An American startup has attracted $80 million of investment to develop its promising new electrochemical carbon capture technology.
Breakthrough Energy Ventures (BEV), led by Bill Gates, are among the early investors in Verdox’s emissions drawdown technology which, for now, remains operable only in the lab. The company says that will now soon change, as the $80 million will allow for an acceleration of its plans to ‘develop and deploy’ the technology.
Verdox’s technology has the potential to capture carbon from any industrial source or the air – and at up to 70% relative energy savings.Dr. Brian Baynes, Founder and CEO of Verdox
The company’s core technology was first developed at the Massachusetts Institute of Technology (MIT) by Professor T. Alan Hatton and Dr Sahag Voskian. The pair pioneered a carbon removal technique that uses electrical energy to capture and release the carbon dioxide, saving the need for the amounts of heat and water typically used for its removal.
“The high energy efficiency and scalability of Verdox’s technology could enable the company to play a major role in addressing the carbon removal challenge,” says Carmichael Roberts from BEV. “This innovation has provided a paradigm change for both industrial and air capture – and the Verdox team has made great strides to reduce the concept to economical commercial practice.”
CO₂ removal industry
Last year the world’s largest carbon capture and CO₂ storage facility was switched on in Iceland. The new Orca plant, launched by Climeworks and Carbfix, was a historic moment for the technology. The stackable container-size collection units it uses are powered by geothermal energy in a system that injects CO₂ deep underground into rocks, in a process that turns it to stone. At the switch-on, Jan Wurzbacher, co-CEO and co-founder of Climeworks, hailed Orca as a “milestone in the direct air capture industry”.
With the increasing development and deployment of these technologies has come increasing calls for CO₂ removal quotas. In 2020 researchers from Imperial College London, the University of Girona, ETH Zürich and the University of Cambridge, said a system must be put in place for such quotas.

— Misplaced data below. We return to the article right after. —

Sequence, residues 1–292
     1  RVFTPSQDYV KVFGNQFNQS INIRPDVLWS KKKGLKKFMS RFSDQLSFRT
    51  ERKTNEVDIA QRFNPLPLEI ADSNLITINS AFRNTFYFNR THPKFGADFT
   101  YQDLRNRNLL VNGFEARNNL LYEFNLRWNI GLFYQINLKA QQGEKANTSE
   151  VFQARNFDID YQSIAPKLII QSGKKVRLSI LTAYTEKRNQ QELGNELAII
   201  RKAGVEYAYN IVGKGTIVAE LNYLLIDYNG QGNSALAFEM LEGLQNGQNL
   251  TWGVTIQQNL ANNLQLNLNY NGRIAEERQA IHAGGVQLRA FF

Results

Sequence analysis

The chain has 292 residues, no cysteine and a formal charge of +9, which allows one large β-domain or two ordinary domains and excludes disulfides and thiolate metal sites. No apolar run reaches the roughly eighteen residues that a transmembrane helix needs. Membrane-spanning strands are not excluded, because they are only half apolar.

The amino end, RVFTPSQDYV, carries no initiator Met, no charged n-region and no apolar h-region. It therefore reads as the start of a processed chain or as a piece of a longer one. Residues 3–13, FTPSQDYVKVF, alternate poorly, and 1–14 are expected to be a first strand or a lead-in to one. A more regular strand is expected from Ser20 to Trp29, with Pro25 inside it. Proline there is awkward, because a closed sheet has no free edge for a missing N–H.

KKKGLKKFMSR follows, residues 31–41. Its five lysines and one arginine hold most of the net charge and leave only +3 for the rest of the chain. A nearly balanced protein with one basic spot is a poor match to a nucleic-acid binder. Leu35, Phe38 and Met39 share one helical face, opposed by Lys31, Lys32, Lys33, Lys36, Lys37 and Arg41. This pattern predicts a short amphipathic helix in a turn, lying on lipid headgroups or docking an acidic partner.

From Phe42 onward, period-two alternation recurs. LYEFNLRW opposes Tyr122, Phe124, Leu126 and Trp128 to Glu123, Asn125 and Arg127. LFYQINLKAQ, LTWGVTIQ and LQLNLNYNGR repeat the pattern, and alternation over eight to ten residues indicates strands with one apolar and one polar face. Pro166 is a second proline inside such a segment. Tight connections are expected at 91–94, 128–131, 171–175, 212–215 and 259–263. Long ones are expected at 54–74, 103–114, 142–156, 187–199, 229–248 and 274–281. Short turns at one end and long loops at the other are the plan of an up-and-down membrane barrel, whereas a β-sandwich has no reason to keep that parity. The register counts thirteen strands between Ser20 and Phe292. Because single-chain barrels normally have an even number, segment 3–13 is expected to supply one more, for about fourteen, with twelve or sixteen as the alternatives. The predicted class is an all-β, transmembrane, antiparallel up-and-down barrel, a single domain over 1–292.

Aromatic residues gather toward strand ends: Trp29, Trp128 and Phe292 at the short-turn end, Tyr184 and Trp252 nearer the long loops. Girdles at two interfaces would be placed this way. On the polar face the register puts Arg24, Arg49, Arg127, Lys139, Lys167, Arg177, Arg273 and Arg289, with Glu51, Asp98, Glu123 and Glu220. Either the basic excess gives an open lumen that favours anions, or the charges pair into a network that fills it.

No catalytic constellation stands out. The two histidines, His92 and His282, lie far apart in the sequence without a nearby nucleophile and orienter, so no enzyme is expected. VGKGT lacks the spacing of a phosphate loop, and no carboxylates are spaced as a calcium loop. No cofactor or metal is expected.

“Carbon dioxide removal is necessary to meet climate targets, since we have so far not done enough to mitigate our emissions. Both will be necessary going forward, but the longer we wait to start removing CO₂ on a large scale, the more we will have to do,” said Dr Niall Mac Dowell,” from the Centre for Environmental Policy and the Centre for Process Systems Engineering at Imperial. “It is imperative that nations have these conversations now, to determine how quotas could be allocated fairly and how countries could meet those quotas via cross-border cooperation. It will work best if we all work together.”
The team involved in the study modelled different ways of assigning quotas across Europe. Issues of cost and culpability mean it will be a challenging task to get countries to agree on the best way forward. One suggestion made by the researchers involves a trading scenario, whereby somewhere like the UK, with an abundance of space for CCS, could sell capacity to other countries.
“By 2050, the world needs to be carbon neutral – taking out of the atmosphere as much CO2 as it puts in. To this end, a CO2 removal industry needs to be rapidly scaled up, and that begins now, with countries looking at their responsibilities and their capacity to meet any quotas,” added the report’s co-lead author Dr Carlos Pozo, from the University of Girona. “There are technological solutions ready to be deployed. Now it is time for international agreements to get the ball rolling so we can start making serious progress towards our climate goals.”